itself and thereafter set aside the order of the DRT, Pune.
11. We have perused the orders passed by the DRT, Pune as

well as the order of the DRAT impugned in this Writ Petition. On
going through the aforesaid orders, we find that the DRAT was fully
justified in setting aside the order of the DRT, Pune. We are clearly
of the view that the DRT, Pune could not have allowed redemption of
the mortgaged property for the sum of Rs.1,65,05,000/- when the
mortgage was created for securing the dues of the Bank which was in
excess of Rs.23,00,00,000/- as on 18th February, 2014. In fact, even
the principal amount (as per the facilities granted by the Respondent –
Bank) was to the tune of Rs.12.30 crores. In this regard, it would be
apposite to refer to the provisions of section 60 of the Transfer of
Property Act, 1882 which read as under:-
“60. Right of mortgagor to redeem.— At any time after the
principal money has become due, the mortgagor has a right, on
payment or tender, at a proper time and place, of the mortgagemoney,
to require the mortgagee (a) to deliver to the mortgagor
the mortgage-deed and all documents relating to the mortgaged
property which are in the possession or power of the mortgagee,
(b) where the mortgagee is in possession of the mortgaged
property, to deliver possession thereof to the mortgagor, and (c) at
the cost of the mortgagor either to re-transfer the mortgaged
property to him or to such third person as he may direct, or to
execute and (where the mortgage has been effected by a registered
instrument) to have registered an acknowledgment in writing that
any right in derogation of his interest transferred to the mortgagee
has been extinguished:

Provided that the right conferred by this section has not been
extinguished by act of the parties or by decree of a Court.
The right conferred by this section is called a right to redeem and
a suit to enforce it is called a suit for redemption.
Nothing in this section shall be deemed to render invalid any
provision to the effect that, if the time fixed for payment of the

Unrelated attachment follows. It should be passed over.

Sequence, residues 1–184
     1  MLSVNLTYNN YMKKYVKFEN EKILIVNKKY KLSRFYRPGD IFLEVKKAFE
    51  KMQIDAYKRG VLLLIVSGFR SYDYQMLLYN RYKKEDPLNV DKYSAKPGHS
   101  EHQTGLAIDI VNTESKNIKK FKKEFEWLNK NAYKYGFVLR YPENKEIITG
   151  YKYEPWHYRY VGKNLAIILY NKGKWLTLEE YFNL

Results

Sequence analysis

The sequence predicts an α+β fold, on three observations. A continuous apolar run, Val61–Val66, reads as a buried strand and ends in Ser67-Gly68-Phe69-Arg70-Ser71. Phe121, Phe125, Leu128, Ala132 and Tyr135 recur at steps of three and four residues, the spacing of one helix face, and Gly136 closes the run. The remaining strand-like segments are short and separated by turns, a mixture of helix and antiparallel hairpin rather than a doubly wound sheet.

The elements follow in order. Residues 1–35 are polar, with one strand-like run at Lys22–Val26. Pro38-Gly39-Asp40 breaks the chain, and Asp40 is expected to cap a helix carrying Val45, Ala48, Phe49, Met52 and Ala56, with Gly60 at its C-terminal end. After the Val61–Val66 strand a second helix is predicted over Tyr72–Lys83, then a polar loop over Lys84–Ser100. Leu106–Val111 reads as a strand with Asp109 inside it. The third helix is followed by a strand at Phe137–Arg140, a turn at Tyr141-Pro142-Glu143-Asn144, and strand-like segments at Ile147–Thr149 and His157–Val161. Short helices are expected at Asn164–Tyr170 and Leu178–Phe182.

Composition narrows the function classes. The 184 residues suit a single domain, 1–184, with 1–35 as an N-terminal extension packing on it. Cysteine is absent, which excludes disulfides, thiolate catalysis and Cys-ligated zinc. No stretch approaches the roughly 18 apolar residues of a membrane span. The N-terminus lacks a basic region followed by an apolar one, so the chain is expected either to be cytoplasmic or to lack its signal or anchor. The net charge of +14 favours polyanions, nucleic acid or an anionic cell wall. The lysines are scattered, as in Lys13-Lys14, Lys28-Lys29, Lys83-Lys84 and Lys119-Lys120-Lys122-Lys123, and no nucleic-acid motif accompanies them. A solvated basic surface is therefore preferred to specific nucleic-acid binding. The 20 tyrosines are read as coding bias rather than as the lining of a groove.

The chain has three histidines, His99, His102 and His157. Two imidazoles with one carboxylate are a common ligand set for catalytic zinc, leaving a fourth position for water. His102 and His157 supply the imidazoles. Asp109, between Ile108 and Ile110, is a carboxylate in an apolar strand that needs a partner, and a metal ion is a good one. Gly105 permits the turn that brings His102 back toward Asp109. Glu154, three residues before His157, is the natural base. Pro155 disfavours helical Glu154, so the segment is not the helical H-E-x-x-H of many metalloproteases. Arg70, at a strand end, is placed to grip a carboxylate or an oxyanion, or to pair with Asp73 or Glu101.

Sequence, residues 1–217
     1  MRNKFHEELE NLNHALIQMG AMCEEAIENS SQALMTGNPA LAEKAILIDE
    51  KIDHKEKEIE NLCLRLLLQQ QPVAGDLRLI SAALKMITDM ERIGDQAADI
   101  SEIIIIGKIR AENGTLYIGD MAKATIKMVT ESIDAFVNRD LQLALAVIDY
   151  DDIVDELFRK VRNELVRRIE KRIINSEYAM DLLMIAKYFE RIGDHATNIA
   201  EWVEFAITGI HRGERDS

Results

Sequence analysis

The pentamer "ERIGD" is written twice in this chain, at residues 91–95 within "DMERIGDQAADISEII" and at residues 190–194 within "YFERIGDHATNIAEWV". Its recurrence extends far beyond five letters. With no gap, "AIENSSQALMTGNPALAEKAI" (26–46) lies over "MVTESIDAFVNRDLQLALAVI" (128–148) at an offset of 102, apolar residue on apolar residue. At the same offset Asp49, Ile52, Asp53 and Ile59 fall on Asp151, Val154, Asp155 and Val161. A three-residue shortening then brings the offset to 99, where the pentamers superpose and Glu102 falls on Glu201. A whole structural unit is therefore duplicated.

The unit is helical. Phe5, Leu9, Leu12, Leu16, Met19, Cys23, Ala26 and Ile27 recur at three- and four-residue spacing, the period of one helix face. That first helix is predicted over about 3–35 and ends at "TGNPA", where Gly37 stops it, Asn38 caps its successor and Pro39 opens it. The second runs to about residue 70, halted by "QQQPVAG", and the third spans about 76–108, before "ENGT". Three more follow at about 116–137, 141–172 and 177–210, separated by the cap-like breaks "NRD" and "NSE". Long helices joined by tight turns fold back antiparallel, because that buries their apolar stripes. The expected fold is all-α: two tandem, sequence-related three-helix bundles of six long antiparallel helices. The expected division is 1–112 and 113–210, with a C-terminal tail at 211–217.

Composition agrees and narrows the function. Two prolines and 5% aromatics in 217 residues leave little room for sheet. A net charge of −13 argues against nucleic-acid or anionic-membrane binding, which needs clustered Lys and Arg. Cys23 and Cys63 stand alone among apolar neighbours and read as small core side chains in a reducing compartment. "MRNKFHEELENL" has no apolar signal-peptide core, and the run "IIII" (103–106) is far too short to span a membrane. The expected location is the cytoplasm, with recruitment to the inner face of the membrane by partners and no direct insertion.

principal money has been allowed to pass or no such time has been
fixed, the mortgagee shall be entitled to reasonable notice before
payment or tender of such money.
Redemption of portion of mortgaged property.—Nothing in this
section shall entitle a person interested in a share only of the
mortgaged property to redeem his own share only, on payment of a
proportionate part of the amount remaining due on the mortgage,
except only where a mortgagee, or, if there are more mortgagees
than one, all such mortgagees, has or have acquired, in whole or
in part, the share of a mortgagor.
(emphasis supplied)
12. Section 60 clearly provides that at any time after the
principal money has become due, the mortgagor has a right to seek
redemption of the mortgaged property on him paying or tendering the
mortgage money. If the mortgage money is paid/tendered as required
under section 60, the mortgagee is required (a) to deliver to the
mortgagor the mortgage deed and all documents relating to the
mortgaged property which are in the possession or power of the
mortgagee; (b) where the mortgagee is in possession of the mortgaged
property, to deliver possession thereof to the mortgagor; and (c) at the

cost of the mortgagor, either to re-transfer the mortgaged property to
him or to such third person as he may direct, or to execute and (where
the mortgage has been effected by a registered instrument) to have
registered, an acknowledgment in writing that any right in derogation
of his interest transferred to the mortgagee, has been extinguished.
The said section further provides that nothing therein shall entitle a
person interested in a share only of the mortgaged property to redeem
his own share only, on payment of a proportionate part of the amount